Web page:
Tuesday, March 29, 2011

Email Fail

Email can be a valuable tool in your networking practice. It's a great way to maintain a light touch with members of your network. It's asynchronous nature means that they'll receive your communication whether you sent it at 2pm or 2am. While not a personal as a phone call, a well-crafted email message can still convey a true appreciation of the other person and what they have added to your life.

What I received a few minutes ago is the opposite of that.

There are email messages which I largely ignore. They are the written equivalent of the "wah-wah" noises that the adults make in the old Peanuts cartoons. The message pops up -- usually an advertisement of some kind -- and I hit "delete". Heck, I can usually delete them after reading just the header. No need to even bother opening it. The ones that get me, though, are the ones with just enough familiarity to them that I think it might be important enough to read.

This morning I received a message from "Jessie" (names changed to protect the guilty). She apologized for not getting in touch sooner after we had met at the "XYZ" networking event (names changed to protect the innocent). She really wanted to contact with me, though, so we could talk about our businesses and how me might be able to help each other. She thought she had a number of programs in her business which would help me maintain connection with my clients. Would I have any availability on either the 31st or the 1st for us to talk on the telephone?

Before I start with my rant, let me say that I am sure that Jessie is a wonderful person. I don't think she has to style her hair just right in order to hide the horns on her head nor does she have to be exceptionally fashion conscious to hide her cloven hooves nor the fact that her knees bend in the wrong direction. I think she's just not clear on the fact that connection -- true connection -- is exceptionally difficult (impossible?) to do via a form letter.

OK, that said, let's look at where Jessie's plan went horribly awry.

  1. No salutation. OK, since she's already using some sort of mail merge in order to generate her deceptive email solicitation, she should at least go to the trouble of finding out how to make it address me in a salutation by name. The only thing that was specifically targeted toward me in this message was the email address. Yes, it still would have been mendacious, but I might at least have given her credit for the effort.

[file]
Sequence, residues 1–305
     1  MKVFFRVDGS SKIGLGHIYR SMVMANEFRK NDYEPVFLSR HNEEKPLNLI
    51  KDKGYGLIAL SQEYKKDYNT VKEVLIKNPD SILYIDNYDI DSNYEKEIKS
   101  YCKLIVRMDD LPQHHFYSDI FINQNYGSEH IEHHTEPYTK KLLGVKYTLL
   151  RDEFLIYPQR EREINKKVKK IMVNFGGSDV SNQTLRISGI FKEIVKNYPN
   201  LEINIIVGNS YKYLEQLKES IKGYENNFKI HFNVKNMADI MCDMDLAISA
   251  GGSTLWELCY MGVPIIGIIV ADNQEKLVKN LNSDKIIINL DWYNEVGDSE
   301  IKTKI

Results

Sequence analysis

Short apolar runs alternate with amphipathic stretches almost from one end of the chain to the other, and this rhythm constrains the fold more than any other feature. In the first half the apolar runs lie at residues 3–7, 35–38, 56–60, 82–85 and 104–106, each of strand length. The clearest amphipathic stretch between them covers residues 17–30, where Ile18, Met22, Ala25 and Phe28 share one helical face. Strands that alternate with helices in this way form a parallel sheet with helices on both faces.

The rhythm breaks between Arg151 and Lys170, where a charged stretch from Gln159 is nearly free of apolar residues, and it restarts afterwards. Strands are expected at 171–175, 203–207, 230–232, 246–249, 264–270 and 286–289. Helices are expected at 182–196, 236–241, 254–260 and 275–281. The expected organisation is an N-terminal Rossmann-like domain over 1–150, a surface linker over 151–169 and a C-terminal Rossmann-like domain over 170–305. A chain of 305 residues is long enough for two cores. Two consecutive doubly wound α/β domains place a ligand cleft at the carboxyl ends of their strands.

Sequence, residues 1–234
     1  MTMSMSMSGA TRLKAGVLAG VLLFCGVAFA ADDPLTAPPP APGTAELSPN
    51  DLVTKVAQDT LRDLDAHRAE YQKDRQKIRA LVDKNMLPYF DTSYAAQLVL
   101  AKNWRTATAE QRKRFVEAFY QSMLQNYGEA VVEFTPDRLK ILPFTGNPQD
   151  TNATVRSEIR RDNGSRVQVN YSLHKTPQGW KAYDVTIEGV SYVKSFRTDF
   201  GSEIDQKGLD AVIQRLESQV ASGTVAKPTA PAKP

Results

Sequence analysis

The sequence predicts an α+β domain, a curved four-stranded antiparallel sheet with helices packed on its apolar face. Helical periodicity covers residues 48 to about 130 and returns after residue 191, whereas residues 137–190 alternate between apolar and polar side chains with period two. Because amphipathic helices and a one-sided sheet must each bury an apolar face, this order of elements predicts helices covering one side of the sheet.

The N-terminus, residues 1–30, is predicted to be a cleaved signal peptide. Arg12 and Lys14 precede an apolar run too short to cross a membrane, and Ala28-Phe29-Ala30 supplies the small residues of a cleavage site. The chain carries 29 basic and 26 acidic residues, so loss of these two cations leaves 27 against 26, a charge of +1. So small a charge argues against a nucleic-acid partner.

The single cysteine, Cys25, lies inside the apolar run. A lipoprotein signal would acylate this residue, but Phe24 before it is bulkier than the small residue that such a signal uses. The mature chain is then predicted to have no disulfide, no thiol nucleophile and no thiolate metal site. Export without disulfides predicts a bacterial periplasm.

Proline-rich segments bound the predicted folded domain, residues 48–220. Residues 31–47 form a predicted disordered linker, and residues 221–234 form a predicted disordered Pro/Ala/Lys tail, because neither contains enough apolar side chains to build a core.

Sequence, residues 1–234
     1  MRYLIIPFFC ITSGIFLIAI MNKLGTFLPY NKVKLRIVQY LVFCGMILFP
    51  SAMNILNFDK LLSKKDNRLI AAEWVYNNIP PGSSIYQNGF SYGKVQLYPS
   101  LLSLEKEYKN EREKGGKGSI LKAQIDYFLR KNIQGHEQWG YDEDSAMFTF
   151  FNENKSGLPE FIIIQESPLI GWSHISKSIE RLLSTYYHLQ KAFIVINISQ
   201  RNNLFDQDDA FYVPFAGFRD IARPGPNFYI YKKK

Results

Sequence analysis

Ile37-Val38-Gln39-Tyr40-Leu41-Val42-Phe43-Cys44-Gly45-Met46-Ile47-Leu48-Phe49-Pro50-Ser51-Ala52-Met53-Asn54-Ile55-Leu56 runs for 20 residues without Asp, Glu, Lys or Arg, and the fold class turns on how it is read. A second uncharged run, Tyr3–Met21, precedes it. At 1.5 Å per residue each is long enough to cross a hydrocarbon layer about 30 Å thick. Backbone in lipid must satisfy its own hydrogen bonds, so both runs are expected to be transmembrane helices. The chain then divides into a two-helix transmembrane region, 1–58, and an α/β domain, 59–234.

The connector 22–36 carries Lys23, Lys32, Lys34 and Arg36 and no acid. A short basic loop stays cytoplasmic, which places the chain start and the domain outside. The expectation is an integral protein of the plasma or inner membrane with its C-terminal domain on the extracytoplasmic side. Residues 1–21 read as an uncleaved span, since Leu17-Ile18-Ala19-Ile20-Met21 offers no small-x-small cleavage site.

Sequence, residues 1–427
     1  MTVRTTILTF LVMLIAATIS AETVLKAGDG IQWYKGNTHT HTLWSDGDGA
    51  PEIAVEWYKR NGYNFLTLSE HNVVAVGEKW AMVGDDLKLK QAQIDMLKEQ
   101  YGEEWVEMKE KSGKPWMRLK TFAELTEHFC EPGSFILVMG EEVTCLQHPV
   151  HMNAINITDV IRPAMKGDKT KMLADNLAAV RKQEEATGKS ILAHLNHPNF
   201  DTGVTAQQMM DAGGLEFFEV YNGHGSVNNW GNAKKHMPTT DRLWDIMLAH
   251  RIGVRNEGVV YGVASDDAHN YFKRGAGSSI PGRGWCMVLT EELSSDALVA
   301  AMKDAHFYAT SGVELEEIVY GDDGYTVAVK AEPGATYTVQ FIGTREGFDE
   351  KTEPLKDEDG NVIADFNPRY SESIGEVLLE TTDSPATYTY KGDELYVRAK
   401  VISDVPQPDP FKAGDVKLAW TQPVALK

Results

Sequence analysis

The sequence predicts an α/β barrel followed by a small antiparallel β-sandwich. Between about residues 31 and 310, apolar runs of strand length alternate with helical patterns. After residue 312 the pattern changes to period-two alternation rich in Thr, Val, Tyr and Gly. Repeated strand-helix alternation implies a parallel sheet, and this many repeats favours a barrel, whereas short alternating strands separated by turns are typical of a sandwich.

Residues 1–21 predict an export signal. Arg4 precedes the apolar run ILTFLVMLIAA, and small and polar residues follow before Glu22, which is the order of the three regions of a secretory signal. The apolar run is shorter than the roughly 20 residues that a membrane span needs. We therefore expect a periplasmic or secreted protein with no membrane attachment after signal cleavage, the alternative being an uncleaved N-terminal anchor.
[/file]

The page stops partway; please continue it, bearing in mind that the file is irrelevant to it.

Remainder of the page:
2. Stale business card. I haven't actually attended XYZ since July 14, 2010 -- nine months ago as of this writing. It's not that it's a bad event, I just have a scheduling conflict that prevents me from showing up. I may very well have met her at that time, but after most a year, the chances are somewhere between slim and none that this is anything other than a cold call for me.
  3. Not walking the talk. Jessie's business is all about strengthening connections with other people. Now, what she sells is designed to make this as easy and streamlined as possible, but it fundamentally comes down to people making friendly relationships with each other and maintaining them over time. In her message, the pinnacle of our burgeoning friendship would be a phone call where she gets to talk about how great her business is. Not a particularly effective "first date", right?
  4. Form letter. Yes, this kind of ties in with #1 above, but I thought it deserved its own line. The upside of form letters is that they are quick and easy to fire off to a large group of people. The downside is that they are largely ineffective and in the same amount of time it takes to send it, you can destroy your chances of developing a long-term mutually beneficial relationship with someone. This is because they will see you as a lying manipulator with a bad case of "commission breath". There is nothing wrong with using a general template for follow-up messages, but you must personalize each message in such a way that your recipient knows that you actually do remember them and that what they had to say was important to you.
  5. Lies in spirit. As someone who teaches people about the value of establishing deep, long-term relationships both in our business and personal lives, I find it particularly offensive when someone like Jessie uses the language of networking in order to lure someone into a sales pitch. I'm fortunate that I've been around long enough to recognize the signs of a "bait and switch" networker. The fact that the initial "contact" to which she refers happened almost a year ago is another big tip-off. On the other hand, when the misleading emailer sends this to those who are new to business, new to networking, and/or maybe a little desperate, this kind of language is nothing short of predatory in my opinion and does much to tarnish the good names of networkers everywhere.
Grrrrr.

OK, I'll get off my soapbox now. It just kind of rankles me when I see messages like this. I'm sure Jessie is not the evil mastermind behind a plot to turn everyone into zombie sheep, passively accepting everything she doles out as holy writ. Sometimes, though, "sufficiently advanced cluelessness is indistinguishable from malice."

So, have you received messages like this? Does it get stuck in your craw, too? Or am I just turning into a grouchy, old, curmudgeon?

Photo credit: Henning Buchholz

2 comments:

  1. I can't say I've seen form letters like that, but I will say that I think you are neither grouchy, old, nor a curmudgeon!

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  2. Hi, Debbie

    You don't get messages like this? Maybe it's just my line of work, but I seem to get these things all the time.

    I appreciate your comments on my curmudgeonliness. Apparently I'll need to work on it a bit. ;-)

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